Health officials in B.C. have echoed these statements about flight manifests in recent days, calling on flights to provide in-depth contact information to assist with contact tracing.
When asked about how many close contacts resulted from symptomatic Manitobans on flights over the past few weeks, the province refused to provide more information, citing the need to protect the individuals from "stigma and shaming."
Meanwhile, the B.C. Centre for Disease Control wouldn't say whether there are any cases locally stemming from a Manitoba passenger on board a flight to Vancouver, and Toronto Public Health told CBC News they aren't tracing any cases related to the same passenger who travelled through the city.
Alberta Health Services wouldn't say if it's doing any contact tracing related to a Manitoban who flew to Calgary and back.
Federal public health officials post information about flights, trains and buses where passengers could have potentially been exposed to the virus for about two weeks, but not all of the flights that Manitoba has made public made it on the list.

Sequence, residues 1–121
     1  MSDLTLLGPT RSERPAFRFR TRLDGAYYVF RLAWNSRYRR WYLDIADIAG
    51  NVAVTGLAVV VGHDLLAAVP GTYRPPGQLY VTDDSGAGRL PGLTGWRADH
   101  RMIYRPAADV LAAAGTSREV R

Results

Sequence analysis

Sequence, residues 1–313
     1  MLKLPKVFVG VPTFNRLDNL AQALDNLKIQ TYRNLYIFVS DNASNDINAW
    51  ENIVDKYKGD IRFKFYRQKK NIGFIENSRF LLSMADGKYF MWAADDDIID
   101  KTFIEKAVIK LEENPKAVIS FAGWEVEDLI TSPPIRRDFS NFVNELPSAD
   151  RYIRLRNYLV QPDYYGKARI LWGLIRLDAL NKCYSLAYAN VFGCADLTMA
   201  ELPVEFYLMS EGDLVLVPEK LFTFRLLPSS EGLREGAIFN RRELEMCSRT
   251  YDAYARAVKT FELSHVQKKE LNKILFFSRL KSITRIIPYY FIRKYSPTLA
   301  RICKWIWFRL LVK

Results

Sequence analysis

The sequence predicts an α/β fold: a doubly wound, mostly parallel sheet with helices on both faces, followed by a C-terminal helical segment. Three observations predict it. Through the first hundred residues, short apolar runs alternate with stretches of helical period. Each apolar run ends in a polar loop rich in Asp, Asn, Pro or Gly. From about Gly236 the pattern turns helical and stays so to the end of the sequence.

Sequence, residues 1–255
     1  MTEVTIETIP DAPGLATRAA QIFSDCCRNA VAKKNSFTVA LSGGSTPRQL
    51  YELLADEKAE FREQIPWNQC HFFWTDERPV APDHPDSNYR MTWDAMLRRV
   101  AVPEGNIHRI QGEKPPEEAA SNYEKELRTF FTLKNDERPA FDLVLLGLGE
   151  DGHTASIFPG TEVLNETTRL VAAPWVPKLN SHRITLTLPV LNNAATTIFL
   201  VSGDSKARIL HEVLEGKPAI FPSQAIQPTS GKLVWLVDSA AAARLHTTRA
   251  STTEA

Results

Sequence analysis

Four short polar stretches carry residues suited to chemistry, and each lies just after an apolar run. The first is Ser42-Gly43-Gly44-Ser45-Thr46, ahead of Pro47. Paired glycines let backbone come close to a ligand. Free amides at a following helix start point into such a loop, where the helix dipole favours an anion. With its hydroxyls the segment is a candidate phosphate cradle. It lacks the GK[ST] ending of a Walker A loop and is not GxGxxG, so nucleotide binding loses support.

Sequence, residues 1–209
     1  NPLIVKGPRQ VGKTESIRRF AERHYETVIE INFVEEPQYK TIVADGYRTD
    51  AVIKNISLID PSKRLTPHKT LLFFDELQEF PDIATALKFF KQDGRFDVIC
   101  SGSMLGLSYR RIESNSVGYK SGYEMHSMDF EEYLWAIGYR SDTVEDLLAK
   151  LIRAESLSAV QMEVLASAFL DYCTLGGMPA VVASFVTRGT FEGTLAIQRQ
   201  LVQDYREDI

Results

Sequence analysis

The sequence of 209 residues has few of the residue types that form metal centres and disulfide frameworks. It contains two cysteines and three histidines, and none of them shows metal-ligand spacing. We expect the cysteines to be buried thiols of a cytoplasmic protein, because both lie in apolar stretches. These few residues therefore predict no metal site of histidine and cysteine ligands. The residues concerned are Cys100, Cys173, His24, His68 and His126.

"If a province identifies that a person who has tested positive had been in another province within a time period that is relevant to disease transmission, there are existing protocols for them to contact their colleagues in the other province to assist in the contact tracing," a spokesperson from the federal government said.
"All jurisdictions work together to do their best to ensure all contacts of a case have been identified and are aware of the next steps they need to take to protect their health and the health of those around them."
Nobody should be flying: Attaran
Attaran has a word of caution for Canadians considering flying during the pandemic.
"Nobody, nobody, nobody, nobody should be flying if the authorities have made a decision that contact tracing does not happen in the air," he said.
On top of that, he said, there's the inability to physically distance on flights.
Air Canada and WestJet began selling tickets for adjacent seats as of July 1, after blocking access to those seats for the past few months to allow passengers to maintain some distance from each other.
Still, Attaran says, there's "no way" he'll be flying any time soon.